Based on the insights we got from week 1, we formed more assumptions and designed multiple versions of experiences to test them in week 2.
Experience 1.0: Specific info
The first insight we had from week 1 was that students wanted to know more specific information about their peers before meetings. Hence, we sent participants surveys for them to fill out more specific information (learning motivation, goals, background, etc) then forwarded it to their assigned peer so they could know their peer more prior to the meetings.
It turned out our assumption was true — the participants thought knowing more information about their peers beforehand make meetings become more efficient.
Experience 2.0: Self Browse
The second insight we had was that it was hard to find peers that had similar learning goals as them. Hence, we not only did the survey exchange (same as experience version 1), but also sent them an excel sheet to ask them to pick 3 ideal peers from the 10 possible peers we listed.
It turned out our assumption was only partially true— the participants thought self browse was“interesting, but is not necessary”, “picking suitable peers by myself might cost too much time and mental efforts”.
Experience version 3: Customization+conversation guide
The last insight we had was that we needed to help students be more comfortable during initial interactions. Hence, rather than scheduling locations and time for them, we put them into a group chat for them to discuss their meeting experience on their own and we pretended to be the robot that provided conversation guide as an ice breaker.
It turned out our assumption was true — the participants thought it helped them found more common topics with their peers.
To develop our digital MVP, I translated our successful experiences into 3 main features:
Moreover, I added a feedback section for user retention so the data could help us provide users more suitable peers next time.
At first, the feedback system I used was rating star and endorsement. But from user testing, I learned from participants that it wasn’t the best fit in this scenario both logically and morally — “While someone voluntary helping me, I didn’t want to rate or endorse them.”
As a result, rather than transferring the experience to any kind of objective system, I kept it more simple and more personal — users could write down their feedback and choose whether if they want to send it to their peers.
I mapped out the user flow which includes 3 key features we developed from the experiences — profile, suggested peers, and chatroom, as well as feedback section to retain users.
The Pitch Day
At the end of the course, we were asked to pitch our idea as if we were pitching for funding. We had an ask of $520,000 to start our product and achieve our next milestones and pitched this to a group of 11 venture capitalists. At the end, we got 9/11 venture capitalists’ funding, totaling the investment to $1,681,500!
What is the difference between digital and analog products, and how can they be partnered with schools?
When we were doing experiments, we discovered that on-site recruiting and activities were way more effective than when done online. Based on this insight, we first thought to make Hatch as a school service or program. However, this scenario limits the numbers of people we are able to reach. Also, even though our initial idea was to make Hatch a free product that partnered with schools, we ended up adopting premium models where users bare the cost, since it is difficult to persuade schools to adopt a brand new product. If we have more time, we would like to rethink our financial models and business strategies.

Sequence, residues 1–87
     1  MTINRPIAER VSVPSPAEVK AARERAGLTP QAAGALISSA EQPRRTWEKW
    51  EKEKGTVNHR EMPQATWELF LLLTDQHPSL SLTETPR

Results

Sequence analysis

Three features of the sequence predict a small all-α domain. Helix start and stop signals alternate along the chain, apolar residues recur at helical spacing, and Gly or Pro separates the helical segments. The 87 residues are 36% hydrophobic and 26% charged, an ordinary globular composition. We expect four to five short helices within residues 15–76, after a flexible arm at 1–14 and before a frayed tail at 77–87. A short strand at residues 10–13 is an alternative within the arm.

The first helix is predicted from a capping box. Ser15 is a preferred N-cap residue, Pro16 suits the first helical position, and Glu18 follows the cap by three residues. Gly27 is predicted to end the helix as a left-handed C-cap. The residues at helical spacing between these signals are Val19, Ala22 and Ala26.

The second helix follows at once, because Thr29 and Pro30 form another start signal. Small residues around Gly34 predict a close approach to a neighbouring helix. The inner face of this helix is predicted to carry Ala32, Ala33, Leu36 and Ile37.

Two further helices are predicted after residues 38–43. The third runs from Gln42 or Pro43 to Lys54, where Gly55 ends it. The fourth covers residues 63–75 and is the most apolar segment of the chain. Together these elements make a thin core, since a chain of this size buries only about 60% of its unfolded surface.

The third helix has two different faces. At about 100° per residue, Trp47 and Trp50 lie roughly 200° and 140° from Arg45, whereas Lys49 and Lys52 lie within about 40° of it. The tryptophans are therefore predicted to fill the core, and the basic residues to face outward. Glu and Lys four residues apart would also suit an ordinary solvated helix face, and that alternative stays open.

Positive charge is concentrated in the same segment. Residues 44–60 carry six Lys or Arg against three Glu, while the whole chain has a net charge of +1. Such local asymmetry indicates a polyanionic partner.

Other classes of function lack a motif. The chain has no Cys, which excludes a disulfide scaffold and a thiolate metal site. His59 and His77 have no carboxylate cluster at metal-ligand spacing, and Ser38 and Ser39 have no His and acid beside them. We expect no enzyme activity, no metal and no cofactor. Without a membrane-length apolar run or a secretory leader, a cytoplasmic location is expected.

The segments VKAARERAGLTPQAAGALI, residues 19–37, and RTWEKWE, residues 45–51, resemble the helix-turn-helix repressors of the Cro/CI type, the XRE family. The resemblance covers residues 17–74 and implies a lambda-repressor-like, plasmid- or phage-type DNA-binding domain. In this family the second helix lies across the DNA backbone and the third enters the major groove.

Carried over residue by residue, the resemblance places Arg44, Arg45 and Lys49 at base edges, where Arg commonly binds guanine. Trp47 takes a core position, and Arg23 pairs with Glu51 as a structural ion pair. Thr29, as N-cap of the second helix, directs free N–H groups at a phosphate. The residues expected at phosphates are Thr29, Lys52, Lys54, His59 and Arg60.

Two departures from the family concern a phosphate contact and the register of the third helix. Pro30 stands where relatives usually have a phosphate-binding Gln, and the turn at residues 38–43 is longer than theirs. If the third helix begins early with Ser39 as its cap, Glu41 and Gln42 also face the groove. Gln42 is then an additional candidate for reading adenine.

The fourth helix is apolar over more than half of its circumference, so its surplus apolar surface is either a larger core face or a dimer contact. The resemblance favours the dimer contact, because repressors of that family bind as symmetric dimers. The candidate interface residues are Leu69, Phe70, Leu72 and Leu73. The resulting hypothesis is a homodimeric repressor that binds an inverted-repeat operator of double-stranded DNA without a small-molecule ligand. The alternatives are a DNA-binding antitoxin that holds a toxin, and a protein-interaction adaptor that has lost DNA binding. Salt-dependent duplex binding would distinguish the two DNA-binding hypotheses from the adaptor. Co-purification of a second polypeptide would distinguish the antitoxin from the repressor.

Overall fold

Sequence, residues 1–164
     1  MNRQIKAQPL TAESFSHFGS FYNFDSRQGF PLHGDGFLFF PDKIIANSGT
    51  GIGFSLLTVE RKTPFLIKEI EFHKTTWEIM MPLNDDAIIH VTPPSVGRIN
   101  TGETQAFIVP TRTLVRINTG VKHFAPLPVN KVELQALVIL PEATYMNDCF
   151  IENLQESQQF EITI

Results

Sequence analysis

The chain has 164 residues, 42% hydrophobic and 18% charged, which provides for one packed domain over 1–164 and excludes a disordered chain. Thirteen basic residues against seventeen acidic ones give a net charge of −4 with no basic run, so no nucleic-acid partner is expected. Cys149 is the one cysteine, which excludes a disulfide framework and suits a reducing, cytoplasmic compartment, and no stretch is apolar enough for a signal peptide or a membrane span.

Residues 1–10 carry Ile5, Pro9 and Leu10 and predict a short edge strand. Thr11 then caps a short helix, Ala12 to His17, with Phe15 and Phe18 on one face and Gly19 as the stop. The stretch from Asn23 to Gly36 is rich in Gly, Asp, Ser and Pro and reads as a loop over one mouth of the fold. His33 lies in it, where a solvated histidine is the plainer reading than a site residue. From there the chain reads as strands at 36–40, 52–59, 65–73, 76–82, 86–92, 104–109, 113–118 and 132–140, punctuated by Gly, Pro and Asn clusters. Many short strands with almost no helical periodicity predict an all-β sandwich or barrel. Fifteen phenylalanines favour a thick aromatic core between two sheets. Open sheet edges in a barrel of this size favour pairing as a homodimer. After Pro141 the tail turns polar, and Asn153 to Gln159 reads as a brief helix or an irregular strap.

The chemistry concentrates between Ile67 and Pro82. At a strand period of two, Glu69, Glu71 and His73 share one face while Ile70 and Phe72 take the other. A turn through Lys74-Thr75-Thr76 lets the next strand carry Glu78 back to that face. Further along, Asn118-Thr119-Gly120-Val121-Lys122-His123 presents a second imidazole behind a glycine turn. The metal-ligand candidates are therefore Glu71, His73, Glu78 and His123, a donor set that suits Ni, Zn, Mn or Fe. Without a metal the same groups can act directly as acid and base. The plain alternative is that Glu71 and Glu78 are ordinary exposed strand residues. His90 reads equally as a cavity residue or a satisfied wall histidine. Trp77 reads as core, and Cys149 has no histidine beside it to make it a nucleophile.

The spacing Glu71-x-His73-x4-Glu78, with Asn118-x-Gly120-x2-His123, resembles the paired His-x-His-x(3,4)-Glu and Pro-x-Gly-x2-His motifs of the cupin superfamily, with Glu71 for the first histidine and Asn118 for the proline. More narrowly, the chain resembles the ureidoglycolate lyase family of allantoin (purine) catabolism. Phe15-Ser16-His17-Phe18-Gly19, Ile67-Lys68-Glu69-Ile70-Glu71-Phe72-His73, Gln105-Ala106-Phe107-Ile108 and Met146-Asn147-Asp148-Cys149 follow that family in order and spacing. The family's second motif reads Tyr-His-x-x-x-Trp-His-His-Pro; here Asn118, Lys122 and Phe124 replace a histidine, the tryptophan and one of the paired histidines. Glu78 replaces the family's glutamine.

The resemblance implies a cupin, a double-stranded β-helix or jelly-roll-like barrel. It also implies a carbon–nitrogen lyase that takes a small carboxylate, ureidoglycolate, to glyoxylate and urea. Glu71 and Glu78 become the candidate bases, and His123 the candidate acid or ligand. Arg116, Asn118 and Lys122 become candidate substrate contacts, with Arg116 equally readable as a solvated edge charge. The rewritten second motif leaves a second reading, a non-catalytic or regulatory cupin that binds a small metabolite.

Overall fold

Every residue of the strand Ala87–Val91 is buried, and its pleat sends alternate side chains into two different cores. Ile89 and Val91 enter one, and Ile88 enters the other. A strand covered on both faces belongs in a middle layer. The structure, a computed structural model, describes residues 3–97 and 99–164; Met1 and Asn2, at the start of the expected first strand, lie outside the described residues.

What is the next step for Hatch?
Our goal is to make Hatch really happen in school. Due to time and financial constraints, we aren’t able to create an APP, but we are discussing it with our school learning resources centers, libraries, and student groups. We continue doing lots of physical testing and experiments in schools, including weekly meetups, drop-in tutors, etc. Hopefully, Hatch can successfully launch in our school and be an ongoing program that exists even after we graduate.
Listen to the market
Working on Hatch was a very unique experience since it was the first project where I designed a product in a real business context, which means that every design decision should be tested by the real world. At first, it was hard to let go of the designer’s ego, pull back, and leave everything up to the market. We were trained to be interaction designers who are just focused on creating complete user experiences. However, in this scenario, the product was just a tool for validating and iterating upon our concept.
While following the UX lean cycle: learn, measure, and build, I had an opportunity to have a series of real human interactions. Every week, we interviewed people and gathered insights. Based on those insights, we came up with solutions and turned them into experiments. Then, we ran those experiments the following week to iterate upon our concept. At the end, we talked to more than 60 people, conducted 12 experiments and 8 usability tests. It was both physically and mentally tough to interact with people in such an intense frequency, but it helped us develop a real product that can solve real problems. Additionally, the most fulfilling part is that I actually executed my power to help students enhance their learning experiences and witnessed the change myself by organizing skill exchange meetings and heard the feedback from participants.
As the experience taught me how to listen to the market (instead of just the product itself), it not only helped me become a better interaction designer, but it also gave me a broader life perspective — knowing how big the market is, and how big the world is outside of certain design fields.